Additionally you are correct that $$g$$ should not appear here. This is because gravity has no influence on horizontal accelerations (unless you want to consider friction, as pointed out in the comments. But that is an indirect effect of gravity, and in this problem irrelevant since we will assume running without slipping so that we know $$F\leq\mu mg$$).

$$^*$$Of course this is not how we actually run certain distances. We typically accelerate over a shorter time and then go at our constant maximum speed for the remainder of the run (assuming maximum effort). My answer also neglects the more complicated physics of running, where gravity could have more of an effect. However, we are not given any additional information, so this is the simplest set of assumptions we can make here.

• This makes much more sense. Returning to the original question of my post, does this equation confirm that gravity does not affect horizontal work or power if we ignore friction? – Gideon Tveten Nov 8 '18 at 23:16
• @GideonTveten Yes. I added a part to my answer discussing this. – BioPhysicist Nov 8 '18 at 23:26
• @AaronStevens When you run you must push off with your foot lifting your weight in order to move forward. .That requires work. Why isn't that a factor? – Bob D Nov 9 '18 at 1:10
• @BobD Yeah the physics of walking/running can get pretty complicated. Walking and running are kind of like repeated controlled lifting and falling. My answer here is by far not a realistic model of real life. This is why I added my foot note. This seems like an intro physics problem, so I approached it in this way. But if you want to go ahead and go into more detail of the physics of running I would gladly give you the +1 :) – BioPhysicist Nov 9 '18 at 1:26
• @AaronStevens. See my answer. It is intended to supplement, not replace yours. I think the teacher is confusing physical effort with actual mechanical work done. – Bob D Nov 9 '18 at 2:47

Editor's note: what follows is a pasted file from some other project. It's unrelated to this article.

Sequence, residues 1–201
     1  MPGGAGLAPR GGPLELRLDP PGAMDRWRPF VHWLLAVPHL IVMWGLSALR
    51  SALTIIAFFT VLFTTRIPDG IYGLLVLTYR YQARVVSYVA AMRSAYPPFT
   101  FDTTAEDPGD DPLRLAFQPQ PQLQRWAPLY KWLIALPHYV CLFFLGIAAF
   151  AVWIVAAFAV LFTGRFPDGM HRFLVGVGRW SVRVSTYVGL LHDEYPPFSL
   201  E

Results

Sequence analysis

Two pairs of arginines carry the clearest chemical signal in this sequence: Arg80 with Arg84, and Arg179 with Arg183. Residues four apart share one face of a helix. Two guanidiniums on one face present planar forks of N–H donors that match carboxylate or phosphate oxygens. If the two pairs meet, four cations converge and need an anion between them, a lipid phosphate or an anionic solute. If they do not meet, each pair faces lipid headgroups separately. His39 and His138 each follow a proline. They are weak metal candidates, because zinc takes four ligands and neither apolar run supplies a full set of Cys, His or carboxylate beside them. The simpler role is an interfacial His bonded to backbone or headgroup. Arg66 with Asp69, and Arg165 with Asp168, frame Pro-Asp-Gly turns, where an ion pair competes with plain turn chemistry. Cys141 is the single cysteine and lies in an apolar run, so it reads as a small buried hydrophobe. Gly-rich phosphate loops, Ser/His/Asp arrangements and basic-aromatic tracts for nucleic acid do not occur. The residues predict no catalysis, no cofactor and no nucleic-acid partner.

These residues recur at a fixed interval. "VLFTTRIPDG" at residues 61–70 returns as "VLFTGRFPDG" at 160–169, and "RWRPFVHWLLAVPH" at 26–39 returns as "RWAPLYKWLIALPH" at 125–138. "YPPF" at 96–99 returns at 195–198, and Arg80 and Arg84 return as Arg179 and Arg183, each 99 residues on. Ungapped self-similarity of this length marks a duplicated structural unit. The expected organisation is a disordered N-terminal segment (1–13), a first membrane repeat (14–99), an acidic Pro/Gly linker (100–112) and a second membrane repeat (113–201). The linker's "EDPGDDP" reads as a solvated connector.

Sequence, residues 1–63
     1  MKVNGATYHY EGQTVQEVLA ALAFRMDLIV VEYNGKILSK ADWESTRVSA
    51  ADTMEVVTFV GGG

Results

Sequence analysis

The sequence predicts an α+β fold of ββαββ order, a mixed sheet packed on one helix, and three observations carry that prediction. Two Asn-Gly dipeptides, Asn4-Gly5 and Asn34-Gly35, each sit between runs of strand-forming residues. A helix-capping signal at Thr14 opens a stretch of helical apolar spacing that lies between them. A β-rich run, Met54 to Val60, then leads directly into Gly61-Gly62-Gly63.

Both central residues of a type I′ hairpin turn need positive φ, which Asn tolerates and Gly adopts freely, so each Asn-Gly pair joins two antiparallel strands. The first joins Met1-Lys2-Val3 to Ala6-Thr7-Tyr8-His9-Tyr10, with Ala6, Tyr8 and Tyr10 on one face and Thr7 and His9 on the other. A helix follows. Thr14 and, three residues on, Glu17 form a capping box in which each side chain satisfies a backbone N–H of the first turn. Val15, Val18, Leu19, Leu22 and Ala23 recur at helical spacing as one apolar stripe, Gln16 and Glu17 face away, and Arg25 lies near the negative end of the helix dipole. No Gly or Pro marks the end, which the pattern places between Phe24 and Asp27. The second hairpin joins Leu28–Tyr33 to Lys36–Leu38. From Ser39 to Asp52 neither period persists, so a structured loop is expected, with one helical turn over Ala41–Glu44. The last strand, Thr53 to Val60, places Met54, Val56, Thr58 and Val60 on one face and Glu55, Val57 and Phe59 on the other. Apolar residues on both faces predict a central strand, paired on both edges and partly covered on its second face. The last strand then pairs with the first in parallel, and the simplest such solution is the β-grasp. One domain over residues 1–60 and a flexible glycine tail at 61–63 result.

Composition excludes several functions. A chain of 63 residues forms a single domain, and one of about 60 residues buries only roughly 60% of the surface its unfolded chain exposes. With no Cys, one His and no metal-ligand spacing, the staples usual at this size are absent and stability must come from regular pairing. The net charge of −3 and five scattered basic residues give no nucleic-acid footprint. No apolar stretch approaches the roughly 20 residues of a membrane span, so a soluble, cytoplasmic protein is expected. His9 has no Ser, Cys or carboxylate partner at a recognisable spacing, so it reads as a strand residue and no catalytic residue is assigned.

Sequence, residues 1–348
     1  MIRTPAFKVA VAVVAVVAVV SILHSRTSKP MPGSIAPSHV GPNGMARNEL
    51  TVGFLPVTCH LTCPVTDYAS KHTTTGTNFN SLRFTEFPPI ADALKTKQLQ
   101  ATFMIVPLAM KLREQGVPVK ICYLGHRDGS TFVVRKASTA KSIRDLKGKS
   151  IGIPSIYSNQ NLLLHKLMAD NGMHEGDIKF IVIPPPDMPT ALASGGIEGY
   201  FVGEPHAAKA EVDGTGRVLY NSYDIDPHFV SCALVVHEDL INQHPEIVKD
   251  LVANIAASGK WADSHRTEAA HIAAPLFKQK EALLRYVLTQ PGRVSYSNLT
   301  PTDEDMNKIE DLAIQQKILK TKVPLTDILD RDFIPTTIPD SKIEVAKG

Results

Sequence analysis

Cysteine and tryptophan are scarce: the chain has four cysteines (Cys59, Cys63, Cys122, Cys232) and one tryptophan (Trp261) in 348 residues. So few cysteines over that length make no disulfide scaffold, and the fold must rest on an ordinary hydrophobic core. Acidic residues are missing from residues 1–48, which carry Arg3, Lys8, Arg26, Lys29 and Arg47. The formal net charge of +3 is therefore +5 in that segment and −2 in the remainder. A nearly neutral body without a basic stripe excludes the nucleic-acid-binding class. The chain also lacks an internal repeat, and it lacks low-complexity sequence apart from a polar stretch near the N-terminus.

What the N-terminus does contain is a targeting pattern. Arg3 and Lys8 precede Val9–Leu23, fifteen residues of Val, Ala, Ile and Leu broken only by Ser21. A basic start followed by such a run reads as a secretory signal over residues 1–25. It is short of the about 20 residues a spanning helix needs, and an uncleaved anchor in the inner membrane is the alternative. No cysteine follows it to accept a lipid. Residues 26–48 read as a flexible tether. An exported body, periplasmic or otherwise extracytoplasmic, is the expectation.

First of all, I agree with @Aaron Stevens answer. The work done moving horizontally has to be equal to the force in the horizontal direction times the horizontal distance through which the force acts. But you still might ask, why doesn’t gravity matter? Why did the teacher include gravity?

Surely, every stride we do when running requires us to push off the ground. This requires effort to lift us off the ground, and certainly the expenditure of energy, on our part. And the heavier we are, the more effort. Unfortunately, that effort doesn’t result in actual work being done in the horizontal direction.

A similar situation exists when looking at the work done in elevating ourselves in the gravitational field. We can take a ladder and reach a height $$h$$ above the surface of the earth and the work we do is $$mgh$$. If, however, instead of taking the ladder, we walk around a large diameter spiral staircase so that we take many more steps to reach the same height $$h$$, it may feel like a lot more work, but the actual work done will be the same, $$mgh$$.

Bottom line, I think the teacher may be confusing physical effort with mechanical work done. They are not always the same.